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SlingFin Portal 1 Tent Review

SlingFin Portal 1 Tent Review

The SlingFin Portal 1 is a freestanding double-wall tent that’s a one-person version of their bomber Portal 2-person tent, which we first used several years ago and recommend highly. The freestanding Portal 1 tent is superbly made, and suitable for 3+ season camping with the ability to counter increased snow loads by combining tent poles and trekking poles for structural support. In addition to its technical features which are quite impressive, the Portal 1 is a spacious and very comfortable tent that’s made with superior materials for a long lifetime of use.

Specs at a Glance

  • Type: Double-wall
  • Structural: Freestanding
  • Capacity: 1 Person
  • Doors: 1
  • Trail Weight: 2lbs 8oz (1.13kg)
  • Floor Dimensions: 88″ x 35″ (head) x 28″ (foot) (224cm x 89cm/71cm)
  • Internal height: 41″
  • Max Pole Segment Length: 13.5″
  • Poles: 2
  • Interior Pockets: 7
  • Minimum number
  • Materials: Fly – 10D Nylon 66 Ripstop Sil/Sil 1200mm; Floor – 20D Nylon Ripstop PE 1800mm; Mesh – 15D Nylon no-see-um mesh.
  • For complete specs visit the SlingFin Portal 1 product page

Inner Tent

The three pole architecture provides strength and interior space
The three-pole architecture provides strength and interior space

The Portal 1’s inner tent is all mesh which is good for three-season use because it helps optimize airflow and condensation mitigation in warmer weather. The pole architecture is very simple, with long crossing poles connected to a central hub and an independent cross pole that helps create near-vertical side walls for better livability. The long poles slot into grommets in the corners, which benefits durability because there’s no proprietary Jake’s foot connector to break or replace. The cross pole is also colored orange, instead of the grey used by the long poles, to make it stand out against the ground so you don’t forget to pack it when you break camp.

The horizontal cross pole pulls the walls out so they're actually past vertical providing more interior room.
The horizontal cross pole pulls the walls out so they’re actually past vertical providing more interior room.

There is one D-shaped door that comes with two bi-directional zippers, so if you break one, you have a second pre-installed for use. Zippers are one of those things that do fail on tents, so this is a nice feature to ensure a long lifetime of use without having to replace it yourself.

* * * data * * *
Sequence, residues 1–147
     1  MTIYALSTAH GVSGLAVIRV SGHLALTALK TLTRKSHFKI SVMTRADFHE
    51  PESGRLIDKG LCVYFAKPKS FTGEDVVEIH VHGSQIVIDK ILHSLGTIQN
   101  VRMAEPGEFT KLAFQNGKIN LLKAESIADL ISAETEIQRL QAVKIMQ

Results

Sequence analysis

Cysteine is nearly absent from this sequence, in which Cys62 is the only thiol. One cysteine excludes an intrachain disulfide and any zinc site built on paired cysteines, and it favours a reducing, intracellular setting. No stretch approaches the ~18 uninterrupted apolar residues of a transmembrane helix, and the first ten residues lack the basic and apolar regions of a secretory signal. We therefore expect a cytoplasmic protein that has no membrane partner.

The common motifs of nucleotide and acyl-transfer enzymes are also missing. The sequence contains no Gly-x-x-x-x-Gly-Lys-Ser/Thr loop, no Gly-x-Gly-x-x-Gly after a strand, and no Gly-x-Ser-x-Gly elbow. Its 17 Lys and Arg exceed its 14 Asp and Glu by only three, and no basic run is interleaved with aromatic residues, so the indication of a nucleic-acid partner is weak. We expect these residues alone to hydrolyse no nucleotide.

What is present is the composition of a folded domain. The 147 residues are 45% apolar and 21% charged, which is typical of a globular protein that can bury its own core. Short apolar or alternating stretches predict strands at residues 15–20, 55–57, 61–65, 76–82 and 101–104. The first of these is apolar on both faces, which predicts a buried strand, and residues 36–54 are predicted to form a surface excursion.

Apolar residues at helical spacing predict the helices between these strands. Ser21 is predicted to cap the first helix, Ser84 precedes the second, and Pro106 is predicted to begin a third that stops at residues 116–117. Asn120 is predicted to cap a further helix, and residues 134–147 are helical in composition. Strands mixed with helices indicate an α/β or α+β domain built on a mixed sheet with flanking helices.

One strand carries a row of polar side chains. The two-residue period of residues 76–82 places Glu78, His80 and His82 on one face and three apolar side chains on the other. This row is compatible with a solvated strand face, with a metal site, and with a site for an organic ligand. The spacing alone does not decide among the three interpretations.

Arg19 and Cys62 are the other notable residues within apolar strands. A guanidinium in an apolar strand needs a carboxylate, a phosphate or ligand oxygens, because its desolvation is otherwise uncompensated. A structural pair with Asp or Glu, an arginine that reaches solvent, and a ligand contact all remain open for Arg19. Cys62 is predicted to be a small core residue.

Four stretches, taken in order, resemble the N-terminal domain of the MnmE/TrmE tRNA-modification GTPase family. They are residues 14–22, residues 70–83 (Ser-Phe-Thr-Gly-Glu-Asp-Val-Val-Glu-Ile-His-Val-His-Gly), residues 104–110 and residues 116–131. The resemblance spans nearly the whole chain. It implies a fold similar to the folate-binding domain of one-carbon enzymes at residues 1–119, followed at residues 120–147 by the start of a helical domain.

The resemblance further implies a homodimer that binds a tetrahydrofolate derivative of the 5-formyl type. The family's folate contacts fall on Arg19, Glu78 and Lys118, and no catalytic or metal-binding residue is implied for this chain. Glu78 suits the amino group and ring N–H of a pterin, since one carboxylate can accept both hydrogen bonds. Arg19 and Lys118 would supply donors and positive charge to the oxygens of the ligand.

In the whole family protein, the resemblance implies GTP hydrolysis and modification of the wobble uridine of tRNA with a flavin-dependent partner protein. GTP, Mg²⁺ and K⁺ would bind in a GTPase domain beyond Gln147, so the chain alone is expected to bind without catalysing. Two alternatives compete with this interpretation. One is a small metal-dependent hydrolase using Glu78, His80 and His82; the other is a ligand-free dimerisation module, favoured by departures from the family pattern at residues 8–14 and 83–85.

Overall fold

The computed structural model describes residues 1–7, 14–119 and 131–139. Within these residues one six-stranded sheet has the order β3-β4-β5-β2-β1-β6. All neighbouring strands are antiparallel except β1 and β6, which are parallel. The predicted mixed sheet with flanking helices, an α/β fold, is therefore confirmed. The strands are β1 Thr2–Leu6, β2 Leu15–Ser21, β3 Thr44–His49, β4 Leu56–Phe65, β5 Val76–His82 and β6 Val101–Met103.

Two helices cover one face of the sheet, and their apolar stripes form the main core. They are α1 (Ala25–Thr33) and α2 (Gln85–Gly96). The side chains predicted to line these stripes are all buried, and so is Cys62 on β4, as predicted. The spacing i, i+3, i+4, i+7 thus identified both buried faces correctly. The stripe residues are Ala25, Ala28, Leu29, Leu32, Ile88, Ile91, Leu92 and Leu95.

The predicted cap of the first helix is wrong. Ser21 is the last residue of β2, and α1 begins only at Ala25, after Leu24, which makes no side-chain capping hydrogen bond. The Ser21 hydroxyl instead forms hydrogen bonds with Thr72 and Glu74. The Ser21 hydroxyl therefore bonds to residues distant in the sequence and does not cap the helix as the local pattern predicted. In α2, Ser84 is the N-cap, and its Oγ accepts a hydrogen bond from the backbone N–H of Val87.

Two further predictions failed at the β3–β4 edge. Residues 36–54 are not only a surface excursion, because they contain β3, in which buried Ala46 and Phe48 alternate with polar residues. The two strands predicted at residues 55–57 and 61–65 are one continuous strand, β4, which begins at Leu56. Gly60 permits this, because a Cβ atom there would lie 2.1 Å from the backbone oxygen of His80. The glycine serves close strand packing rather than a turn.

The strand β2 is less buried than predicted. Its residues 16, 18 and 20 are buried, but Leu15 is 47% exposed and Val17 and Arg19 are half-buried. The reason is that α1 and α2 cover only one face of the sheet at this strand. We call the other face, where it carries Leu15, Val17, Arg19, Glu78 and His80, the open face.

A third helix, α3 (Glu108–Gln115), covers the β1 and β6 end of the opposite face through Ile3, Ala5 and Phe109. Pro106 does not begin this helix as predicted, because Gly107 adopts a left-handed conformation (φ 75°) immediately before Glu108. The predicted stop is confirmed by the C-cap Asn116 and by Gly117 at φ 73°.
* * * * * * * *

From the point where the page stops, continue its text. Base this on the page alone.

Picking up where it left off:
The inner tent has a deep bathtub floor for moisture protection with 7 internal pockets so you can keep fragile items from getting crushed, like sunglasses or your smartphone. The pockets are large enough to hold clothing, like a damp shirt or hiking pants to keep them away from your dry clothing and bedding at night. There are also numerous plastic rings in the ceiling and corners that you can hang gear from, although they serve double duty as an internal guyline system to give the tent more stability in high winds when using external guylines with the fly (click for video demonstration). This is beyond my ability to test in the White Mountains (NH) where above-treeline camping is illegal.

Trekking pole tips can be used to augment the tents poles adding strength for heavier snow loads
Trekking pole tips can be used to augment the tents poles adding strength for heavier snow loads

The cross pole has a secondary function which is to allow the use of trekking poles to augment the tent’s aluminum poles when there is additional snow loading on the tent. The ends of the cross pole have plastic rings to hold pole tips or velcro straps to wrap around trekking pole shafts, depending on your preference. It’s a neat system that adds very little weight to the tent but greatly expands its range of utility in colder weather.

The vestibule provides excellent coverage for gear
The vestibule provides excellent coverage for gear

Rain Fly

The Portal’s rainfly attaches to the same corner stakes as the inner tent reducing the number of tent stakes you need to set it up in good weather. While the inner tent is technically freestanding, you need to carry at least 2 stakes if you want to stake out the front vestibule and the rear of the rainfly for better ventilation (sorry there’s no back door.) I’d still recommend staking out the corners, but you don’t have to in a pinch. 

The zipper is covered with a wide flap to prevent water from soaking you when opening the door in the rain